From Our “Ask a Question” Mailbag: “I am worried about my kids not getting along after I die. How do I pick an Executor when the most obvious choices might not be the best?”
Getting the Right Person for the Job.
How to pick an Executor is an important question. The Executor “executes” your plan. You may have the best possible Will and Estate Plan, but if the person you put in charge of implementing your system fails to follow your terms, the entire well-thought-out plan can crumble into expensive litigation.
What is an Executor?
Let’s start simple. How can you select the “right” Executor if you don’t know what an Executor is?
Everyone dies eventually, and everyone has an estate. The estate may have only a car or one dollar, but it is still an estate. Since you can’t take things with you when you die, they pass on o someone else. The process of deciding who gets your things is Probate. In the Probate process, the Executor is the person appointed by the state to be in charge of your assets.
What does an Executor do?
While the size and complexity of estates vary, some tasks are pretty common to them all. Your Executor’s job includes gathering your assets, paying your bills and taxes, and distributing your estate to your heirs. More specifically, here is a list of typical Executor responsibilities:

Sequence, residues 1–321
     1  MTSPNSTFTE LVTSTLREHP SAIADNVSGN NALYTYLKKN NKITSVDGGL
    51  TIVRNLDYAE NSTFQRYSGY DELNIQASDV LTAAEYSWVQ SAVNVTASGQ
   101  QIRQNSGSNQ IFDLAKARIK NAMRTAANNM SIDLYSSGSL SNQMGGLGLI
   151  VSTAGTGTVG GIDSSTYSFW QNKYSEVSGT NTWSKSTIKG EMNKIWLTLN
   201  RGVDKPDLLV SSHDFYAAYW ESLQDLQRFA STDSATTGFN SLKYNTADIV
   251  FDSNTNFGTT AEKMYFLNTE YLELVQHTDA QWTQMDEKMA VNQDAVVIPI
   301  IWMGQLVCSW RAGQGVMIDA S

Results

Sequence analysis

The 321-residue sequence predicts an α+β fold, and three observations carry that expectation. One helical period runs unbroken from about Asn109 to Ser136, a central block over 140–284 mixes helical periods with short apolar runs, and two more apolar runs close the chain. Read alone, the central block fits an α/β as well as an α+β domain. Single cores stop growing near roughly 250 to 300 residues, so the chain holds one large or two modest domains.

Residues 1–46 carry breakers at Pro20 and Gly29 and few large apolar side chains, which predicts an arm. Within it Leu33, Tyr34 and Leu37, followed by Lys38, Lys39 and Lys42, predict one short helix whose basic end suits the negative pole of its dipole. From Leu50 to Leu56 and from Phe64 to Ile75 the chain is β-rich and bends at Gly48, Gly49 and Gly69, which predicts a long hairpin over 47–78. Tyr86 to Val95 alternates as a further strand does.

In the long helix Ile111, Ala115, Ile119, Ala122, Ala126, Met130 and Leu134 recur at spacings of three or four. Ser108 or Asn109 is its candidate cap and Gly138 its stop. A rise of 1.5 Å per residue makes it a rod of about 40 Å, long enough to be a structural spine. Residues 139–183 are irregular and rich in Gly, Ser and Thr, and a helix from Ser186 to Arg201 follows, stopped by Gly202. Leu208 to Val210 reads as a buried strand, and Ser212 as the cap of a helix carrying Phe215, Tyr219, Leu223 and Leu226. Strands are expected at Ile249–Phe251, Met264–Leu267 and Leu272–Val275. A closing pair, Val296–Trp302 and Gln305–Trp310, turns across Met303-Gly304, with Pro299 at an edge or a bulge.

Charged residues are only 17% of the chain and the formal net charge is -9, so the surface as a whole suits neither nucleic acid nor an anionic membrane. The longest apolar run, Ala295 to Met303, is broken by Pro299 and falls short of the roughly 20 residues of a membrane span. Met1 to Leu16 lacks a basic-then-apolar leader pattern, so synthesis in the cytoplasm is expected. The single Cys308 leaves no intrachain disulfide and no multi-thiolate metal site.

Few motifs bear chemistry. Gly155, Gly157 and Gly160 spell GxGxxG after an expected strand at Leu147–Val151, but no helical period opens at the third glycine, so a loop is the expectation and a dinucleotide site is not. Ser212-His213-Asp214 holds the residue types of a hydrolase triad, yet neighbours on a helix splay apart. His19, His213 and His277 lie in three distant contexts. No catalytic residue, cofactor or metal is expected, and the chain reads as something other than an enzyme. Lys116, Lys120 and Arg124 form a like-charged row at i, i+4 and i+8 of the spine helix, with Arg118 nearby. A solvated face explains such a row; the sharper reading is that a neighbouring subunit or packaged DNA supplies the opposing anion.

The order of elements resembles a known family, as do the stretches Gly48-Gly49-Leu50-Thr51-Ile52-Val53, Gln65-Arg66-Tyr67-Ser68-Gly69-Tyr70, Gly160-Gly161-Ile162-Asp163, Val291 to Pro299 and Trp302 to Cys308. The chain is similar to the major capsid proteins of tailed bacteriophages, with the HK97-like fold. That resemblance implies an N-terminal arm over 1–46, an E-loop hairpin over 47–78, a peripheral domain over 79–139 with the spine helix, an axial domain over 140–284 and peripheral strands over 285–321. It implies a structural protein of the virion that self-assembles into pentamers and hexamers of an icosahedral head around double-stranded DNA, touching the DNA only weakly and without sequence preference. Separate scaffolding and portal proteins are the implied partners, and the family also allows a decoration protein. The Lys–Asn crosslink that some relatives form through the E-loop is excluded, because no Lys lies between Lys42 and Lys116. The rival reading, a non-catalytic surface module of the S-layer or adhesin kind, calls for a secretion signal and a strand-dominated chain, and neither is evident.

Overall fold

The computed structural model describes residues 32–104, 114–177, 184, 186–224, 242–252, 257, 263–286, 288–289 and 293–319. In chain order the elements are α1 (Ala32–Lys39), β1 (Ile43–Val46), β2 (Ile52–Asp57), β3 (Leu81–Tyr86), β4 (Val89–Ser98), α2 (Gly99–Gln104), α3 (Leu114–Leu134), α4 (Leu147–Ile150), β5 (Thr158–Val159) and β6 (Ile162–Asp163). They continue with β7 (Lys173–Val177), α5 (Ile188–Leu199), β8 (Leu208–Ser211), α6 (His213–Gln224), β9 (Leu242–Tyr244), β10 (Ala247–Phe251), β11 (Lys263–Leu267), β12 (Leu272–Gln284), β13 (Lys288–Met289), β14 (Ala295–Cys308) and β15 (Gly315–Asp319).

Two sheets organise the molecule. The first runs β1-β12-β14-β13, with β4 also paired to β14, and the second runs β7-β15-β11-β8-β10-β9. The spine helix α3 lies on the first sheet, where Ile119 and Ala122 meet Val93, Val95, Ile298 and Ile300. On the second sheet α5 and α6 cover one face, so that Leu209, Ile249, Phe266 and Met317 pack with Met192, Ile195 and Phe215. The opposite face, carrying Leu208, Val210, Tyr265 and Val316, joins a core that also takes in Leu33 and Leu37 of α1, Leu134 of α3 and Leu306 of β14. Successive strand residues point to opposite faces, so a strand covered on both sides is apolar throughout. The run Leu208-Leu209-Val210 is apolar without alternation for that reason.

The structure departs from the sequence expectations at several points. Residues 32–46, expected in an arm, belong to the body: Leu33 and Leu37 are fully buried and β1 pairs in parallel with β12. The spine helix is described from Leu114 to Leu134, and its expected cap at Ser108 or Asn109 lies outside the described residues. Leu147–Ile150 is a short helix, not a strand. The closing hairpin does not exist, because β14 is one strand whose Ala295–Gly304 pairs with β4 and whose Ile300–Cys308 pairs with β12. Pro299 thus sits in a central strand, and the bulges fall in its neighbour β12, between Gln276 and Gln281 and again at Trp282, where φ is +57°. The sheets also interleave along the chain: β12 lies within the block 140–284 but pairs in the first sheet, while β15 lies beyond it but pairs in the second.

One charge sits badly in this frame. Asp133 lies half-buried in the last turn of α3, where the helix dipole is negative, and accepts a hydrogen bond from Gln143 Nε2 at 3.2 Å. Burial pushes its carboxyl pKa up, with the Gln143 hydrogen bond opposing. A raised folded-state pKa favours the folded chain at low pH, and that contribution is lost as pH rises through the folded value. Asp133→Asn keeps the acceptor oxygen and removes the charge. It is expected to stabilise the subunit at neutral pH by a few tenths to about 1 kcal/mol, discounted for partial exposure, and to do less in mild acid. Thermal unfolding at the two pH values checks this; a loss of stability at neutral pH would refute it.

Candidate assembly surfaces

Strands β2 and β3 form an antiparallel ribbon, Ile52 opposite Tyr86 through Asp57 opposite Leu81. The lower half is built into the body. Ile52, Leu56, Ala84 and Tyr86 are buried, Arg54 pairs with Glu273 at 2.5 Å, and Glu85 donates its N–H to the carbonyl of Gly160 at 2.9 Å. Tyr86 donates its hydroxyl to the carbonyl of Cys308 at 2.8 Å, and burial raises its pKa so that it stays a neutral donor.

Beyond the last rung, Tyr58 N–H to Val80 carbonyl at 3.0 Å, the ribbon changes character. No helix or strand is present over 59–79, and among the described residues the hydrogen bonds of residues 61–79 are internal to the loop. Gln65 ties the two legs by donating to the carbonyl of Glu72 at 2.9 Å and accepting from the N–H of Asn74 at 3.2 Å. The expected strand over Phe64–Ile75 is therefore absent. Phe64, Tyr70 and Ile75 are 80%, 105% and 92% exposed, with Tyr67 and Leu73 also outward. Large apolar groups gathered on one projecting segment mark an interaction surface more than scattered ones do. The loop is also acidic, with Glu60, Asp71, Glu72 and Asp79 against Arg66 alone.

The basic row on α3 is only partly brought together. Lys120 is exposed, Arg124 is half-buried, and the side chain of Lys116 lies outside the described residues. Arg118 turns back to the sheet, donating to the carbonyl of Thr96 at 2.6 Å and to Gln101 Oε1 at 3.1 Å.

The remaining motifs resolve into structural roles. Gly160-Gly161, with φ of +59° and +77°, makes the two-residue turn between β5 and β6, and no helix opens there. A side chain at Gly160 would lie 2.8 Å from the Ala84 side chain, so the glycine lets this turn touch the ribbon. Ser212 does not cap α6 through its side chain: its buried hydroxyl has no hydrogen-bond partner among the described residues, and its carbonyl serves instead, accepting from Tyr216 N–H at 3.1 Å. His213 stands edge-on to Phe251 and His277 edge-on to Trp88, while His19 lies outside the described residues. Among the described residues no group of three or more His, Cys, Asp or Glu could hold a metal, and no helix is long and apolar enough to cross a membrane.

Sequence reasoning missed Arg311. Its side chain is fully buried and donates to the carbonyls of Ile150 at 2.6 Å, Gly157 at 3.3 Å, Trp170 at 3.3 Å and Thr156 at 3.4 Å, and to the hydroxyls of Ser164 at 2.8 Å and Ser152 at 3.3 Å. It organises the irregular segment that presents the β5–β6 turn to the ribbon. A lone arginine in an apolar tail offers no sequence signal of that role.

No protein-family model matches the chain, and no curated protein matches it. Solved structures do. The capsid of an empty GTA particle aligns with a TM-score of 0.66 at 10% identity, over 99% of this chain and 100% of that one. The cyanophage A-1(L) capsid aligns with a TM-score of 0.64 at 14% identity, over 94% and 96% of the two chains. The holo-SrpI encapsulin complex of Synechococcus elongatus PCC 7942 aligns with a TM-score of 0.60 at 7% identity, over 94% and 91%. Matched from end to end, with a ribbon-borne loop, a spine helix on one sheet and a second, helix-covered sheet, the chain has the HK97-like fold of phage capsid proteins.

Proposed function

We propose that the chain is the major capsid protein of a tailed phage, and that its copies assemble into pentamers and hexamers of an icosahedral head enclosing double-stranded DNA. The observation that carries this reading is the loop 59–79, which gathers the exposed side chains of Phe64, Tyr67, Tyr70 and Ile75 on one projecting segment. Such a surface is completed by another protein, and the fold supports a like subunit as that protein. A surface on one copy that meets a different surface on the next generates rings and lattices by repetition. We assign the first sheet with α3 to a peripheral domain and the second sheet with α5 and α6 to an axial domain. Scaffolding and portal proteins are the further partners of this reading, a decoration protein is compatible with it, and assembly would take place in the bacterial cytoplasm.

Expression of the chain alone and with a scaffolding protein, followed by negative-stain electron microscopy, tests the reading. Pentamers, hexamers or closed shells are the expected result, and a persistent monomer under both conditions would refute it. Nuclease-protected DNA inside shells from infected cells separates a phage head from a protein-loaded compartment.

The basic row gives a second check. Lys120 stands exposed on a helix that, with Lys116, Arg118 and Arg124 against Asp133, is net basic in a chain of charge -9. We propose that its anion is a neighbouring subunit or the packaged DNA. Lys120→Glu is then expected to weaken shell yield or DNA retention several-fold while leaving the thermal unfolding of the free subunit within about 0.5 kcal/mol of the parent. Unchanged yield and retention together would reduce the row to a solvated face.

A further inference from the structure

Carrying out your wishes for a funeral (or no funeral).
Work well with your heirs and children.
Finish Tasks in a reasonable time.
Securing your home and other assets.
Make sure your pets, or minor children, are safe.
Filing your will with the Register or Surrogate to get the official paperwork declaring them your Executor.
Filing your final income tax return.
Selling your real estate and liquidating your other assets that do not pass “in-kind” to your heirs.
Keeping the heirs informed of the process and involving them as appropriate.
Working with the accountant, realtor, appraiser, attorney, or other professional to accomplish tasks.
Paying your bills.
Make a final distribution to your heirs.
There could be many other tasks, depending on your estate. For example, your might be in a divorce or lawsuit when you pass. Or, you may have a business that needs to be sold or shut down. If you have an LLC that will not continue, the Executor has to file the necessary paperwork with the state. So an Executor might need a specific skill set and knowledge or be able to hire a professional to assist in the process.
Who is the best fit to Serve as Your Executor?
Any person who has reached the age of 18 can be your Executor. But not every person should be your Executor.